Childhood obesity continues to remain a major public health priority;it is not only a serious and growing problem for individual children and the wider population but is also a significant contributor to health inequalities.
Treating obesity and its consequences is currently estimated to cost the NHS £5.1bn every year. (Department of Health, 2016).
The rates of excess weight in childhood are rising and childhood obesity is associated with various non-communicable diseases such as type 2 diabetes, cardiovascular diseases, musculoskeletal problems and poor mental health.
Northumberland was above the UK national average, and over a fifth of reception age (4–5 years) children and over a third of year 6 children (10–11 years) were overweight or obese. Obesity prevalence was higher in boys than girls in both age groups. Obesity prevalence for children living in the most deprived areas in both age groups was double that of those living in the least deprived areas.
Integrated Paediatric Public Health Service for 0-19 year old children called 0-19 Healthy Weight Programme – includes health visiting and school nursing promoting the health and wellbeing of all children to reduce inequalities through targeted intervention for vulnerable and disadvantaged children and families. Focus is on improving public health outcomes through prevention and early intervention:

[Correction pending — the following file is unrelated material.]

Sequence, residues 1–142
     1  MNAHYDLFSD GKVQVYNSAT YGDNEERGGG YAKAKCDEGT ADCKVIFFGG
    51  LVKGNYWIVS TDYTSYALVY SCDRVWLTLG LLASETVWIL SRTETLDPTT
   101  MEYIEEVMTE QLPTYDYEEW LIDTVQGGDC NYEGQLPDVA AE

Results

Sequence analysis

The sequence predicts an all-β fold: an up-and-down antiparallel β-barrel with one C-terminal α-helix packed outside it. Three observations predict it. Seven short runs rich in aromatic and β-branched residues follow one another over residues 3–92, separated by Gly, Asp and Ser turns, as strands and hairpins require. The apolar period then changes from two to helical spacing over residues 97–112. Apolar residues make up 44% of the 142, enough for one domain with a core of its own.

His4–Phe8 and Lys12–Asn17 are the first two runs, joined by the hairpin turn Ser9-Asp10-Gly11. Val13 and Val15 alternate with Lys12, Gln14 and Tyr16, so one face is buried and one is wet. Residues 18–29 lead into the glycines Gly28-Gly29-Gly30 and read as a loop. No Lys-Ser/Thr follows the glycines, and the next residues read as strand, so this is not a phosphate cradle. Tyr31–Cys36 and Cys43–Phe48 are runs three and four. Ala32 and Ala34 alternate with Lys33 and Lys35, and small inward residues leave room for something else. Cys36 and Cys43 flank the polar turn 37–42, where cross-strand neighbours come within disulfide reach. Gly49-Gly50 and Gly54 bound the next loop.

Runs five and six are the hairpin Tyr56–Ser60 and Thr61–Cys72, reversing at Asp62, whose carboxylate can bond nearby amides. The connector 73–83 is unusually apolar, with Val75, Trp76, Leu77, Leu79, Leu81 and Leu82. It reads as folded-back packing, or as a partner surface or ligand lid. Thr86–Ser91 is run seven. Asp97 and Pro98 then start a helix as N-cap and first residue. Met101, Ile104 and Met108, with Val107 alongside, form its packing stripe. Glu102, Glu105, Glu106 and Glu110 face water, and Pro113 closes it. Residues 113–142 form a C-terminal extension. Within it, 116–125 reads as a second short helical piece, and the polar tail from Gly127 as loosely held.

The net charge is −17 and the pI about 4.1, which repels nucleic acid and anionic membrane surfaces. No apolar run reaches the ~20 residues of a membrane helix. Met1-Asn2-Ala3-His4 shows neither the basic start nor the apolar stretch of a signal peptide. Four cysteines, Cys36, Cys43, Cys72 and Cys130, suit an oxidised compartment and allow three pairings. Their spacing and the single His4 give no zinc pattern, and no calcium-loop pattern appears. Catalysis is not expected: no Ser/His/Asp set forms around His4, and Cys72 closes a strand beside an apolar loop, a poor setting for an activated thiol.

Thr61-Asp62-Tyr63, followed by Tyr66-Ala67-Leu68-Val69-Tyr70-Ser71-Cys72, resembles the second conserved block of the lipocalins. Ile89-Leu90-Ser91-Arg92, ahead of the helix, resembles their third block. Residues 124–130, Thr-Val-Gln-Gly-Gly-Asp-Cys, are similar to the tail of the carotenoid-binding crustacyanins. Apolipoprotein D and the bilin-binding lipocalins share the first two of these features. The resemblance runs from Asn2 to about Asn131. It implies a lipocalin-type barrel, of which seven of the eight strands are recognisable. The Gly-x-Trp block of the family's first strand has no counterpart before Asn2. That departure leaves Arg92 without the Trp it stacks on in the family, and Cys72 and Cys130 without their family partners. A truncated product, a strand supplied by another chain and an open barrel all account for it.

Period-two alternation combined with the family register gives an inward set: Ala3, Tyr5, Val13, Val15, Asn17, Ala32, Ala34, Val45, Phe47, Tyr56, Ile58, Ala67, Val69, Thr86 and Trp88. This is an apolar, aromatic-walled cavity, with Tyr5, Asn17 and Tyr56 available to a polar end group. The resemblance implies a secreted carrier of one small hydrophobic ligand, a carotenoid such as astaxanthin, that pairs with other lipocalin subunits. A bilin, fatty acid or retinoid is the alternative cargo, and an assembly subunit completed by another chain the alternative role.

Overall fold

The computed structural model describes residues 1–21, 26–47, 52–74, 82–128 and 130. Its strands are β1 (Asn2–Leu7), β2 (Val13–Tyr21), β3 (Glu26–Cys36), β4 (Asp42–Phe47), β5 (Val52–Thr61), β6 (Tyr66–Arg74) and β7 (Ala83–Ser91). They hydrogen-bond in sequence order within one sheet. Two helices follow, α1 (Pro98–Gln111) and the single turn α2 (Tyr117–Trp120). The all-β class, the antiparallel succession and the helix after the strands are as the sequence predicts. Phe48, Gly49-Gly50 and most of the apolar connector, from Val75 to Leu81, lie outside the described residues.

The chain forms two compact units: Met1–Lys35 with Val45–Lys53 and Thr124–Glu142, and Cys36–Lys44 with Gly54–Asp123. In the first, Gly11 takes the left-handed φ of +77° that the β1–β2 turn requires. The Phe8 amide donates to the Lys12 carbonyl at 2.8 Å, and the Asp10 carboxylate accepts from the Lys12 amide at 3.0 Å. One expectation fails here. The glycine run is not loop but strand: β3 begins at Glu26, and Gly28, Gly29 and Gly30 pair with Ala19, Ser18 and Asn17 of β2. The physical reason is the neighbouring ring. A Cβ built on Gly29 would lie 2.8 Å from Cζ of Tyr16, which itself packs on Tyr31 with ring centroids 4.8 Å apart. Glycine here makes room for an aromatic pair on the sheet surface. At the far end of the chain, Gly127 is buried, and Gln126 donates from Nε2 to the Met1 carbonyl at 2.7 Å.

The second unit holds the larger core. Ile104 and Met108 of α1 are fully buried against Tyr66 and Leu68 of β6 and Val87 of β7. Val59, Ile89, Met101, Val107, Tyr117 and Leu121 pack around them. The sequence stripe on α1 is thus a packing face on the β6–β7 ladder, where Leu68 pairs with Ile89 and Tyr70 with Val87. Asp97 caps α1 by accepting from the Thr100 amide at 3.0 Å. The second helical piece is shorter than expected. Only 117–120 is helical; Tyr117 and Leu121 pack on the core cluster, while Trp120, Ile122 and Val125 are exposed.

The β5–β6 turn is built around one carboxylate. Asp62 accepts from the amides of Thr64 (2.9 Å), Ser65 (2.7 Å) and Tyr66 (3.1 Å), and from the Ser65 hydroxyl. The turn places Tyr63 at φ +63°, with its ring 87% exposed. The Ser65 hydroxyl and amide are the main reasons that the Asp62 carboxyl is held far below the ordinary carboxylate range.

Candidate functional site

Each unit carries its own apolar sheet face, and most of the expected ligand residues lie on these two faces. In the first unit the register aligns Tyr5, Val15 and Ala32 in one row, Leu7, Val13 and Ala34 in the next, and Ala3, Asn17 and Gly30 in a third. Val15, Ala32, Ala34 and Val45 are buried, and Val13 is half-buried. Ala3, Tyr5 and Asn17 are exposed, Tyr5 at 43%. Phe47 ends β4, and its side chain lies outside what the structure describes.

•Smoking – decrease rate;
•Breastfeeding – increase rates;
•Emotional health and well being;
•Deliver the Healthy Child Programme; and
•Work with partners including children’s social care, education, and voluntary agencies.
The programme relates to a national strategy of ‘Make Every Contact Count’ (MECC) meaning any professional interaction, whether from a public health team member, teacher, health visitor, GP or any other professional that has an interaction with a child has the opportunity to influence their health and wellbeing positively.
Key data is collected including:
•Height, weight and Body Mass Index(BMI);
•Dietary habits and evaluation of food habits;
•Development and behaviour evaluation;
•Exercise and activity levels;
•Psychological and emotional assessment;
•Targets and goals progress – ‘SMART’ targets being Specific, Measurable, Achievable, Realistic and Timed; and
•Factors affecting compliance to agreed action plan.
Active use of Health Visitors has had a significant impact on 0-19s wellbeing in the UK including:
•Reducing perinatal mental health problems, which currently costs the UK £1.2bn a year;
•Reducing complications from childhood obesity; and
•Canhelp children at the bottom of the socio-economic scale, with studies showing that intensive health visiting programmesfor vulnerable families reduced the likelihood of their needing to use other social care services by the age of 12 – and, for the most high-risk families, by the age of 4; and
•School nurses also helped improve overall wellbeing of children living with long-term conditions, helping improve their academic performance and outcomes.
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